By conservative estimates, there are currently enough wrongfully convicted people in prison in the United States to fill a football stadium.
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Shortly after her death, Mother Teresa appeared
in a cinnamon bun in Nashville, Tennessee.
She looked serious, perturbed even, as though
this epiphany were an inconvenience.
Once, in the nineties, when statues of the Virgin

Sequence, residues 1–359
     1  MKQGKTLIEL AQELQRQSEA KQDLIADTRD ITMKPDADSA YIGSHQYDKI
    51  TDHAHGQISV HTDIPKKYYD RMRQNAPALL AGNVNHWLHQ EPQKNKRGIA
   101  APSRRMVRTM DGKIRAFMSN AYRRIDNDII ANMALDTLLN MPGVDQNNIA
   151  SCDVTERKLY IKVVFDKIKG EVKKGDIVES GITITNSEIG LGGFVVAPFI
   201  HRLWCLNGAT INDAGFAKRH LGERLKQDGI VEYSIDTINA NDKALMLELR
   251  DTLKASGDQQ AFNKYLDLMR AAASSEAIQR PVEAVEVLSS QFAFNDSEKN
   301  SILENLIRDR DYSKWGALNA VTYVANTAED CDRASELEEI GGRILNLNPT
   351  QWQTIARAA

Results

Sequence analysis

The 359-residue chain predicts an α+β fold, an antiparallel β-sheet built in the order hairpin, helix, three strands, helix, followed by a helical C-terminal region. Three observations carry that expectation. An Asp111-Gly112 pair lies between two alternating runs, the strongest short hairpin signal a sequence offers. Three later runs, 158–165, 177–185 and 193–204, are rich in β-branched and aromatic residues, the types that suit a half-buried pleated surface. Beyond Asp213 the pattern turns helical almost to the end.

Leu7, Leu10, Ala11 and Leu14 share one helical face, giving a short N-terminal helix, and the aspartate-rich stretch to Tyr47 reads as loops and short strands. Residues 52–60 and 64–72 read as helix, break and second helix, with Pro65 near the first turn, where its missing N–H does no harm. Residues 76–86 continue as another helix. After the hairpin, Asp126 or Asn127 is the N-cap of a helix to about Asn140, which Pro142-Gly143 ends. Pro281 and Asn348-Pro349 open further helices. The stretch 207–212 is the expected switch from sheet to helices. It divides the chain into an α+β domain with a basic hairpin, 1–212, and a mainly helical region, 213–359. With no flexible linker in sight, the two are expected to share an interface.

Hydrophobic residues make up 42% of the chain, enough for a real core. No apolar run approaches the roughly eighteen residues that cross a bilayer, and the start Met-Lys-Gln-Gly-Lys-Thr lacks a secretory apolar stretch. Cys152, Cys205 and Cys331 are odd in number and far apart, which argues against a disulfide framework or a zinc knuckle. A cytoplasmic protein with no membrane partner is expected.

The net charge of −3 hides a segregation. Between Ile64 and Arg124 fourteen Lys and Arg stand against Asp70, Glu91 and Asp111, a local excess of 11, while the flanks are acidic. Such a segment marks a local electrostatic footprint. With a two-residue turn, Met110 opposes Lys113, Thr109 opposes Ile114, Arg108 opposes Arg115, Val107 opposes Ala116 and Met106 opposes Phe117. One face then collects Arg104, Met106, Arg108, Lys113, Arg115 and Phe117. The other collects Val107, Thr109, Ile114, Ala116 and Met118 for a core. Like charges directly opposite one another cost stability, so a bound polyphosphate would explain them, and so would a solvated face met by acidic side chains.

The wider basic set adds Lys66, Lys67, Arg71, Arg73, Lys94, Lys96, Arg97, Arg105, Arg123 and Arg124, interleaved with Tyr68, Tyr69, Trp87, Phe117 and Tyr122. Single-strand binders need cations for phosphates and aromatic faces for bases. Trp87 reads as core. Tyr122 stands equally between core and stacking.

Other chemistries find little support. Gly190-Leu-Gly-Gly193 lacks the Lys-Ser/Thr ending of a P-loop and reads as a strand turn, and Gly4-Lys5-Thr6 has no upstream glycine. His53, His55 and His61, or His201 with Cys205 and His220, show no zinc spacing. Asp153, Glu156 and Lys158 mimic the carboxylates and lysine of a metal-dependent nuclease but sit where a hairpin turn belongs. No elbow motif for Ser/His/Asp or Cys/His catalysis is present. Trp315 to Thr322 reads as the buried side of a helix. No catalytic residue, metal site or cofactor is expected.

were crying all over Ireland, one in Donegal
did not get the memo. A sign hung around
its neck announcing: This Holy Mother Out of Order.
I found myself, two years after Mom died,
in the second pew from the front in a dark,
empty chapel. I looked up at the six-foot-tall
wooden Jesus, votive candles at his feet,
and I could see a tear falling over and over
down his right cheek, a trick of light and
shadow — but somehow, in that moment,
I knew they were for me, those tears.